College students, high level business execs, parents, and just about anyone that does anything are always wishing they had more time. Lucky for us, our wishes have been granted in 2015. This year will officially be one second longer. Why did we add an extra second this year? Listen to this Question Your World radio report produced by the Science Museum of Virginia to find out.
Why isn’t there a male contraceptive pill? Researchers at the University of Virginia are making progress in developing an effective male “contraceptive pill” that has eluded scientists for years. Charles Fishburne of 88.9 WCVE has more in this Science Matters report.
Charles Fishburne: The Pill for women has been around for 50 years. A male equivalent is much more difficult to produce.
Dr. Herr: And really the main reason is that most women ovulate only 1 egg each month.
The roof of our planet is located in Nepal. Mt. Everest is the world’s largest mountain clocking in at nearly 29,000 feet (5.5 miles high). Clearly moving something as massive as this giant hunk of rock would require something much greater than any human invention ever created. Recently Mt. Everest has moved an inch to the southwest. What moves the world’s biggest mountain? Listen to this Question Your World radio report produced by the Science Museum of Virginia to learn more.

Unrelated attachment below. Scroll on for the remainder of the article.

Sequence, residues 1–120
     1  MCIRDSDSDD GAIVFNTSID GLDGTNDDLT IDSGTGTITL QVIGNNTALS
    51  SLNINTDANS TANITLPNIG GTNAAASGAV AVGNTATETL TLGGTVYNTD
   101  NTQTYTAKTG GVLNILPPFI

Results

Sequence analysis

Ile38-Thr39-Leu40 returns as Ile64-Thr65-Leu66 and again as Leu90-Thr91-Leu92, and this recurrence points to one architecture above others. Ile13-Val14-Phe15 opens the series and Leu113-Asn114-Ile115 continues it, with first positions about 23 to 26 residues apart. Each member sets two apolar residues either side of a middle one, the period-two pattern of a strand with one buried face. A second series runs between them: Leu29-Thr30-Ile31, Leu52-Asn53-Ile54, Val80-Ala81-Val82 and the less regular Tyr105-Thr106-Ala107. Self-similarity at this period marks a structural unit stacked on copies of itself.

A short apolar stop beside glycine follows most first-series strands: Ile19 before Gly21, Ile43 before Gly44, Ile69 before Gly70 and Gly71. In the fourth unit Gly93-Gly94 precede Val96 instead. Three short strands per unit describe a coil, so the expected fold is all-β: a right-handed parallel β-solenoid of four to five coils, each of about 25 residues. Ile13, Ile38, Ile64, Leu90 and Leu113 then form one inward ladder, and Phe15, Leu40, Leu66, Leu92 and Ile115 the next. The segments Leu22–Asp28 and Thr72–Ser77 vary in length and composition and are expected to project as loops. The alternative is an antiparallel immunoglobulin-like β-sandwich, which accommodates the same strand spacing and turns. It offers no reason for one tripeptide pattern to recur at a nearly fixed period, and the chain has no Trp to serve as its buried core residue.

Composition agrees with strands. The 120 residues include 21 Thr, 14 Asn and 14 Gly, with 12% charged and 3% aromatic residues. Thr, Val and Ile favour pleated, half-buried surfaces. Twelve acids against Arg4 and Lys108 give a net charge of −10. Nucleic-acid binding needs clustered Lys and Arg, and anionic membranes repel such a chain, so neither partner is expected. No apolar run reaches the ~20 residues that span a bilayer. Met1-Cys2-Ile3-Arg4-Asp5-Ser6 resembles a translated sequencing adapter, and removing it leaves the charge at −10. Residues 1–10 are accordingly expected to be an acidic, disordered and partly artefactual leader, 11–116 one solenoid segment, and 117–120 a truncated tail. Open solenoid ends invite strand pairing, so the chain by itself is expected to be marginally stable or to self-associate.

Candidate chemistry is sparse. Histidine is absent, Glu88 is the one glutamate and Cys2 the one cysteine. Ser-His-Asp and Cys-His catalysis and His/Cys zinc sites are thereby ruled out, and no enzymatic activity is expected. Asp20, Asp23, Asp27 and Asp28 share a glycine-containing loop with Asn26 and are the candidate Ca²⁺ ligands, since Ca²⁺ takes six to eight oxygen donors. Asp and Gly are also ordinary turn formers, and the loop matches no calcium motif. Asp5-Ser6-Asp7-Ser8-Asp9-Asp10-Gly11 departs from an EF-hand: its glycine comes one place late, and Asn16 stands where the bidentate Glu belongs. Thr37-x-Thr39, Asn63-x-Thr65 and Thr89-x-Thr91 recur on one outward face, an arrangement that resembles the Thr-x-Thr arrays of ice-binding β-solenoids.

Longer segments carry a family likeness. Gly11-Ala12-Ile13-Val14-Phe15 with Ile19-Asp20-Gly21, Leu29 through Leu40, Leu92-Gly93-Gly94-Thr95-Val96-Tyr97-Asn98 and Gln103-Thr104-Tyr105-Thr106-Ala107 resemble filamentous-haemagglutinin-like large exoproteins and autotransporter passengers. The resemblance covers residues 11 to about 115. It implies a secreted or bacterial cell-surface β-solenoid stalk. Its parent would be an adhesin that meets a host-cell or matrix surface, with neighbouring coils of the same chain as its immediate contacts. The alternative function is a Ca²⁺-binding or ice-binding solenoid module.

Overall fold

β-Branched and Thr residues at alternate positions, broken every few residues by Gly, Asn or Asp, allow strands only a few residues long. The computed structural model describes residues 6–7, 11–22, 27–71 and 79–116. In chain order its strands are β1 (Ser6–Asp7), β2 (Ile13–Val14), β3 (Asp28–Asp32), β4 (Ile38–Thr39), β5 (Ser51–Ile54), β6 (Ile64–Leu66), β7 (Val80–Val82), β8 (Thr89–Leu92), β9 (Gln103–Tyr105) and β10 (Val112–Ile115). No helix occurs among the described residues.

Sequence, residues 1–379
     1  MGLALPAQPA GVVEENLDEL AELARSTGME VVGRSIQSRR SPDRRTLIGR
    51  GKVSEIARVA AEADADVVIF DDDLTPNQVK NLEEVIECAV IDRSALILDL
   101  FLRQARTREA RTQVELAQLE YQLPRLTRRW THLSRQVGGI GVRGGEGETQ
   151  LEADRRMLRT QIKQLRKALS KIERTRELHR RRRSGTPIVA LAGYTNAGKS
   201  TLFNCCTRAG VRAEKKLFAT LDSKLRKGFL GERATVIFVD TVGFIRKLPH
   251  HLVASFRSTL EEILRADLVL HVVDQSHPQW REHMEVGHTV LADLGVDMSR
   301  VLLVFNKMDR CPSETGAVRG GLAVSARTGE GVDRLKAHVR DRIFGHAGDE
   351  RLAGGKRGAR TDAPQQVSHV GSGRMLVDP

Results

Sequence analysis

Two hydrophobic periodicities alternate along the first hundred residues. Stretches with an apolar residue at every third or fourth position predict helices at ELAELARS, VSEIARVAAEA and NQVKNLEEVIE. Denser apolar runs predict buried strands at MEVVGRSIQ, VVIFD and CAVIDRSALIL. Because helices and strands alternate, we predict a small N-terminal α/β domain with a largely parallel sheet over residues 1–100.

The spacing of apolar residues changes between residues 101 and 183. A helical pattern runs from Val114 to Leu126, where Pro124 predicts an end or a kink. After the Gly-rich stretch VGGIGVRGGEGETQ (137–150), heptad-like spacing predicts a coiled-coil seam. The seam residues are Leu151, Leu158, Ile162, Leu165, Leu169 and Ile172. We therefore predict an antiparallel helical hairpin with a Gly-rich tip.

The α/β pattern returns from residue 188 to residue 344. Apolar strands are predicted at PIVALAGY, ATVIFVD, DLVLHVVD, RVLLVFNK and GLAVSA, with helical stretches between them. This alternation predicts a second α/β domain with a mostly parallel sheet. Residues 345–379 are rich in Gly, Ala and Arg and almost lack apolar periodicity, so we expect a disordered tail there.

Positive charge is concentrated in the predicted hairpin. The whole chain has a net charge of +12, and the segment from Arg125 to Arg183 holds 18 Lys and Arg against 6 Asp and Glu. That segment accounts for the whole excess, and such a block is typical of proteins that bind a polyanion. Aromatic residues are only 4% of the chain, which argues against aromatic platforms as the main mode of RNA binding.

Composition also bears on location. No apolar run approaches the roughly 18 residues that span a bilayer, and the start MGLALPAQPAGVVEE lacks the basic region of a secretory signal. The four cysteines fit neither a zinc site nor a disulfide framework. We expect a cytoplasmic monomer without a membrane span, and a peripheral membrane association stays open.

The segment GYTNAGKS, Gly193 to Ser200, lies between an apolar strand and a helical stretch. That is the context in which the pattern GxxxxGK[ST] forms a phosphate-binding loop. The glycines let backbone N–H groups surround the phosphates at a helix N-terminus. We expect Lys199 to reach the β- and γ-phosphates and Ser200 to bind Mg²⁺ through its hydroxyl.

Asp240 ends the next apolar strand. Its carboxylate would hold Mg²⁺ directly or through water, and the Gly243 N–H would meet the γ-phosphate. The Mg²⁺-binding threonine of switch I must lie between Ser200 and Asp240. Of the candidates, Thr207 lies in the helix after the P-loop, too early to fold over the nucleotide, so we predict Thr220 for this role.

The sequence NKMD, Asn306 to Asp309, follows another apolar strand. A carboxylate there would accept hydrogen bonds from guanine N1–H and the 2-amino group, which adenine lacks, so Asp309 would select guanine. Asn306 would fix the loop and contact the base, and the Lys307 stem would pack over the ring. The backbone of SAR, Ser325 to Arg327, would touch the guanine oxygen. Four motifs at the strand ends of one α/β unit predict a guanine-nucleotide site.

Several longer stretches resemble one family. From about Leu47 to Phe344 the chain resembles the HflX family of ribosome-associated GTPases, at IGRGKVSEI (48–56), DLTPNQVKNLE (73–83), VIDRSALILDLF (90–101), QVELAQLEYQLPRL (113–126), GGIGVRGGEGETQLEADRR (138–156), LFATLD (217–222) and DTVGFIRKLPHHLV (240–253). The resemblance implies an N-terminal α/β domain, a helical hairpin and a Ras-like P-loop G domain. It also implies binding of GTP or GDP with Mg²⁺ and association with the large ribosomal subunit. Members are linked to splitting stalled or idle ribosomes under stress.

NASA is recruiting middle school girls and boys for an on-line summer mentorship program beginning next month that offers a rare opportunity to get a taste of technology, science and space. And as Charles Fishburne of 88.9 WCVE tells us in this Science Matters report, it has generated quite a bit of excitement. Click to download an information flyer (PDF).
Science Pub RVA is turning 3 this month! Congratulations on this fantastic community program that has been imagined, created and coordinated by Cynthia Gibbs. Science Pub RVA held its first public event in June 2012 and has engaged more than 1,400 curious minds at 25 public events.
For Alex Wilke, a Virginia mom who is also a staff member at The Nature Conservancy, nature isn’t just a profession; it’s a passion that she wants to share with her children. Wilkes hopes that by giving her kids as many opportunities as possible to “grow up wild” and experience the outdoors, she can teach them to be responsible, observant and appreciative stewards of the environment.